“He who will not economize will have to agonize.”
—Confucius, ancient Chinese Philosopher
Image from LinkedIn
Over many years of coaching, I’ve noticed several interesting trends.
In general, my clients in their twenties, thirties, and forties are most often on a highly intentional growth trajectory. They want to build wealth, pursue success, and increase their standard of living. This almost always involves accumulating possessions, and often increases the demands and complexity of their lives.
As they reach their fifties, sixties, and seventies, they seem to be more focused on scaling back, simplification, and greater balance. It is often because their many years of living in the fast lane, carrying too much stuff and stress, has become more of a burden than they care to shoulder going forward.
Where would a “less is more” strategy, regardless of your stage of life, provide you the added freedom and peace of mind you desire?
“If you want to be free, learn to live simply.”
In the last few months, I have posted several times regarding minimalism and essentialism, which point to the value and freedom associated with a simple life.
What areas of your world would benefit most by slowing down, paring back, downsizing, or even eliminating completely? Explore this list as possible places to start:
||Health & Spiritual Practice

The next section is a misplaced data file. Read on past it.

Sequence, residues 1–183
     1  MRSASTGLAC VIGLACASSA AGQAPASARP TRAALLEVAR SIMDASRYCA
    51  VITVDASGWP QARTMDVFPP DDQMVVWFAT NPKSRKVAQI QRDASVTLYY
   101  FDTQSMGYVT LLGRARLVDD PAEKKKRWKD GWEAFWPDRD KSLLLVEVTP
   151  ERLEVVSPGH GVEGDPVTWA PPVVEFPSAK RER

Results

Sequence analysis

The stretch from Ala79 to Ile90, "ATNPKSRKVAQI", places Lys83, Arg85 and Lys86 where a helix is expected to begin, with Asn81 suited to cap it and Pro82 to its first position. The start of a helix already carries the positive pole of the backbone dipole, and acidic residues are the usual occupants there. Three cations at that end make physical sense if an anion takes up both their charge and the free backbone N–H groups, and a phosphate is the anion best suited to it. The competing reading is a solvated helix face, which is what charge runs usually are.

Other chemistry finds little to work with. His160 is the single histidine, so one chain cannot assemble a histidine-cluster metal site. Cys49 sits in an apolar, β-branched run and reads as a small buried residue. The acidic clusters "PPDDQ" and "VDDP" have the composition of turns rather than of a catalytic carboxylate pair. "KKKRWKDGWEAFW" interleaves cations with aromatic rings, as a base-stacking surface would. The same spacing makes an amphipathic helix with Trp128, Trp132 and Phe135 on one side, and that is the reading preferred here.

What one action can and will you take (or stop taking) to gain a bit more freedom in your life?
Consider making this exercise a daily practice and let me know what you discover.
HAPPY INDEPENDENCE DAY!
Image from Flickr by Andreas T.
The Fourth of July marks the day America declared its independence.
What will you do today to celebrate your personal freedoms?
“Liberate yourself from the need to be right.”
-Seth Godin, in “Unleashing the Ideavirus”
Have you ever been in a prison? I hope not. Freedom, and the desire for it, is a fundamental value shared by people throughout the world. Unfortunately, many of us are trapped to some degree in self-generated prisons.
In today’s quote, Seth Godin says the need to be right, and thus making others wrong, imprisons us in a world of judgement and dysfunctional relationships at work, at home, and within our communities. You’ve probably heard the phrases, “Dead Right,” or “Dead Wrong” applied to people in your world. Just watch the evening news to see how this thinking has generated some of the domestic and global issues facing us today.
What I observe personally and professionally is that these behaviors exact a very high price in our relationships and our organizations.
Consider the following questions as you go through your day, with the intent of liberating yourself from the insatiable need to be “right”:
- What is my inner voice saying about the situation I’m facing?
- Are my thoughts supportive or critical?
- How open and receptive am I to what others are saying?
- What value or goodness can I find in their words?
By diligently applying this exercise, and agreeing to bring these practices to others in your world, you can virtually guarantee yourself a new level of life satisfaction.